Some legislators want undocumented immigrants to get FL driver’s licenses

Republican lawmakers are pushing bills that would deport more undocumented immigrants detained by Florida law-enforcement agencies. On Wednesday, two Democratic lawmakers announced an entirely different legislative proposal: allow undocumented immigrants to get a Florida driver’s license.

Although the idea is controversial, twelve other states allow undocumented people to get driver’s licenses, including in the very red state of Utah.

Being arrested for driving without a license in Florida is a second-degree misdemeanor that could result in a fine and jail time. With approximately a million undocumented immigrants living in Florida who don’t have access to a driver’s license, advocates say the time is now to pass a law.

State Sen. Jose Javier Rodriguez, Democrat from Miami-Dade, is sponsoring the bill in the Senate, while state Rep. Dotie Joseph, a Democrat from North Miami, is sponsoring the bill in the House.

The bill says that an undocumented immigrant must present one of a variety of documents to the Department of Highway Safety and Motor Vehicles to get a driver’s license, such as: a certified copy of a birth certificate; a naturalization certificate from the Department of Homeland Security; a green card or a Consular Report of Birth Abroad from the U.S. Department of State.

Scott McCoy, currently with the Southern Poverty Law Center Action Fund, served in the Utah Legislature in 2005 when that Republican-controlled body passed a bill that permitted special “driving privilege cards” for undocumented immigrants, allowing them to get auto insurance and drive legally.

“The number of insured drivers increased because of that,” McCoy said at a press conference. “We had fewer people being stopped and incarcerated for something as minor as driving without a license, and it just makes sense.”

Nery, a woman who did not want to give her last name, lives in Miami and is studying biology at Florida International University. Although undocumented, she is shielded from deportation because she’s part of the Deferred Action for Childhood Arrivals (DACA) program.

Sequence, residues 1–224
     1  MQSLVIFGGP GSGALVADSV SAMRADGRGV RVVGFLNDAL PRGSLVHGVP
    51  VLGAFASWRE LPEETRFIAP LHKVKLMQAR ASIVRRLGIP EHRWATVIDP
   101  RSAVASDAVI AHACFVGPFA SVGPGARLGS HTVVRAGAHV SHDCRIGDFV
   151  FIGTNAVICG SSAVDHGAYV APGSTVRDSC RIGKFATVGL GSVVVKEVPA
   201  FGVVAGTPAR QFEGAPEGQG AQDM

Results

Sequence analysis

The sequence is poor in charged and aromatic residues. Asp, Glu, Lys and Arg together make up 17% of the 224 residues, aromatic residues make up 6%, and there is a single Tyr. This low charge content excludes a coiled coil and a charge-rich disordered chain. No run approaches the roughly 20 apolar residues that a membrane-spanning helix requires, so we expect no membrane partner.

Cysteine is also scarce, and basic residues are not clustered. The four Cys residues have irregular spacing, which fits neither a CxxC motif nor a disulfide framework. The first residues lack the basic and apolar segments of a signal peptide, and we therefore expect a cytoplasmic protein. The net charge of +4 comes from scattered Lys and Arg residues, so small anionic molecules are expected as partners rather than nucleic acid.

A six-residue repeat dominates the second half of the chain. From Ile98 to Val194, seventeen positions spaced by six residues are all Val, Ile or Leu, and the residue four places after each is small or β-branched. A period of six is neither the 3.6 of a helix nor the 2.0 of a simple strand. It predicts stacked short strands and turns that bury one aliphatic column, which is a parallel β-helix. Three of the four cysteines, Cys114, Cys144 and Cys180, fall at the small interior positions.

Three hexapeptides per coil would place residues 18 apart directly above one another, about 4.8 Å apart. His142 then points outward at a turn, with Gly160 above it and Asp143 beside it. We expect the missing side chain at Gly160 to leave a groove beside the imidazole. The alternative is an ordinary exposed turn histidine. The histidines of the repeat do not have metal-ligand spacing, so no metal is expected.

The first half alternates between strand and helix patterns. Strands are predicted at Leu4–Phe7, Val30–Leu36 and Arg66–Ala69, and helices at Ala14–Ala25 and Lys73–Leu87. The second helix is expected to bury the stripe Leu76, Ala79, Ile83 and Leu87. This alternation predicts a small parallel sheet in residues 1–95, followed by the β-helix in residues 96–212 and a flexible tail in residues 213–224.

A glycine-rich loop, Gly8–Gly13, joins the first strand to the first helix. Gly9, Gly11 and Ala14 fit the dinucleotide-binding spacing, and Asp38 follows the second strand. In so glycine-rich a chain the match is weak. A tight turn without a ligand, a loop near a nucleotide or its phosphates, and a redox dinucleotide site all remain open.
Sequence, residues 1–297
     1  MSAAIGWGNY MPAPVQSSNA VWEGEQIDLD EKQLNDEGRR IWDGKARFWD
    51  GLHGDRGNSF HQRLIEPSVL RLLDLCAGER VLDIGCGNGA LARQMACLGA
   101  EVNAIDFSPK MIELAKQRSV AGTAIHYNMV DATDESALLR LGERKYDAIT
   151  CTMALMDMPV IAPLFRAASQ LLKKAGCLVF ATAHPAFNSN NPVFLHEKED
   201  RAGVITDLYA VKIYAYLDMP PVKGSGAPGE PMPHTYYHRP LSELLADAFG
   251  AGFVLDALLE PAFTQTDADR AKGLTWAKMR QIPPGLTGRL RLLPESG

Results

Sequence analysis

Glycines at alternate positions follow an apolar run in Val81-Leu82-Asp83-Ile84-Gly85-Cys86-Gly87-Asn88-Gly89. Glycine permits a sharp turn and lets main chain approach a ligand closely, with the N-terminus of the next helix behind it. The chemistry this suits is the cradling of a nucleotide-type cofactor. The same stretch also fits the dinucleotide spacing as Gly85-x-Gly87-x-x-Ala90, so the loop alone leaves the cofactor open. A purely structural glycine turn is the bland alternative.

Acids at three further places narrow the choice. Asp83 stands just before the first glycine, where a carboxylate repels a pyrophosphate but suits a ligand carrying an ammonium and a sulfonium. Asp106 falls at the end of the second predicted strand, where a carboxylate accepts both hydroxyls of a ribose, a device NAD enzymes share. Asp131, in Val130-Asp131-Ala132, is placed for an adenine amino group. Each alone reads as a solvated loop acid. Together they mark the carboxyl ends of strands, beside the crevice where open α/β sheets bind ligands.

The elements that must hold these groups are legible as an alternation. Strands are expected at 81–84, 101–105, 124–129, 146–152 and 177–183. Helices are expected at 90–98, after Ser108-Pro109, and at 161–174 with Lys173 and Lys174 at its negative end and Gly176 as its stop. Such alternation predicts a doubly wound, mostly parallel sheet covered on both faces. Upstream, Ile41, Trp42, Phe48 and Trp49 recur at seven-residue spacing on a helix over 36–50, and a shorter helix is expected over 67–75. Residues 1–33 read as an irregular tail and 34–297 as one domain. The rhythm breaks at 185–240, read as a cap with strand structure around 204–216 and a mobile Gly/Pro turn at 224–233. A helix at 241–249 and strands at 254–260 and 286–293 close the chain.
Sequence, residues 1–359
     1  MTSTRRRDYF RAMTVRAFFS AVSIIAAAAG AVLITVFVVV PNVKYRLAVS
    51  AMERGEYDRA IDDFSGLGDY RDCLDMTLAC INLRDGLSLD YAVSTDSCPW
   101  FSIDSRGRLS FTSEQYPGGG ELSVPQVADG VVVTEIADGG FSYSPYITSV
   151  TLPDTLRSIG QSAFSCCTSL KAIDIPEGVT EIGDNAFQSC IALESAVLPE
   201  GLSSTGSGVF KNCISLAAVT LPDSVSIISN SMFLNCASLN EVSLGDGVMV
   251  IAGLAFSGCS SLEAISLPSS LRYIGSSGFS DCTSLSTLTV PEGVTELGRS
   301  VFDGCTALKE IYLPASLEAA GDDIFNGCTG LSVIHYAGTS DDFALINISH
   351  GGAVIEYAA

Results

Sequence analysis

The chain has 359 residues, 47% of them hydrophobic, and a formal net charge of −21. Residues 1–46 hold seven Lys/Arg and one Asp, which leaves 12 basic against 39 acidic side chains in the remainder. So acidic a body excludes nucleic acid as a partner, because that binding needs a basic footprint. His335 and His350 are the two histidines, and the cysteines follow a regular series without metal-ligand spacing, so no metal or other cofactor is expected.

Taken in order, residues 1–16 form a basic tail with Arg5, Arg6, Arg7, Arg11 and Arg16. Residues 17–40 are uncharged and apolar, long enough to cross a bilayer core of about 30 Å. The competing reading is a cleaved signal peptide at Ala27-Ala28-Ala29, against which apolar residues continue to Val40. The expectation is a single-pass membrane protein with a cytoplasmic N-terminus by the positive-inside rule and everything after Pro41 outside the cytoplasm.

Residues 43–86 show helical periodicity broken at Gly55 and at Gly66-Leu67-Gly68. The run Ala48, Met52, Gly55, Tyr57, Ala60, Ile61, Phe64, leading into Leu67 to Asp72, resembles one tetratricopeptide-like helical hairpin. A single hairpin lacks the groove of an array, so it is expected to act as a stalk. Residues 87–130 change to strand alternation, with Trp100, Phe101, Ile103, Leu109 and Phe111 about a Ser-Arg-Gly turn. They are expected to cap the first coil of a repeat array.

Her parents were undocumented.  She said that added considerable fear when they would give her rides to school.

“Many immigrant families contribute every day to our economy, and I want our community to be protected. I don’t want the fear for our community anymore,” she said.

The Republican-led Legislature has made it a priority to crack down on immigrants this year. The House Civil Justice Subcommittee passed a bill this week that would ban any local government from enacting an ordinance to limit coordination with federal immigration authorities. It also mandates that local governments honor federal requests to hold undocumented immigrants.

“The bill does not target people based on their appearance, and nobody will be asked to provide their papers,” said the bill sponsor, state Rep. Cord Byrd, Republican from Neptune Beach. “The only people that the law applies to are people who are in custody for committing a criminal violation against the laws in the state of Florida, or a local or state law enforcement agency that has already found probable cause for that person to be detained.”

But opponents say that undocumented people who are pulled over for a minor traffic infraction could ultimately end up being deported.

Longtime Tampa Bay area farmworker advocate Margarita Romo says she’s seen that happen.

“I have seen people being detained. I’ve seen an entire car (get pulled over). The person who was driving didn’t have a license. The people in the car were undocumented…and they were all deported.”

Sarasota Republican Joe Gruters, who is sponsoring Byrd’s bill in the Senate, admitted last week that at a local law officer’s discretion, they could arrest an undocumented immigrant for not having a driver’s license, and suggested that the undocumented should use public transit instead.

“Florida is not a public transit state – I wish we were,” says state Rep. Anna Eskamani, a Democrat from Orlando, who is co-sponsoring the driver’s license bill in the House. “The reality is, without a car, without the ability to drive a car, you can’t get to work. You cannot bring your kids to school, you can’t go to the day care for your children, you can’t pick up groceries. You can’t do anything.”

The odds of the bill getting a hearing in the Republican-controlled Legislature are doubtful, to say the least. Eskamani is calling on the public to contact state Rep. Brad Drake, a Panhandle Republican who chairs  the Transportation and Infrastructure Subcommittee. That’s the committee where the House bill goes next.


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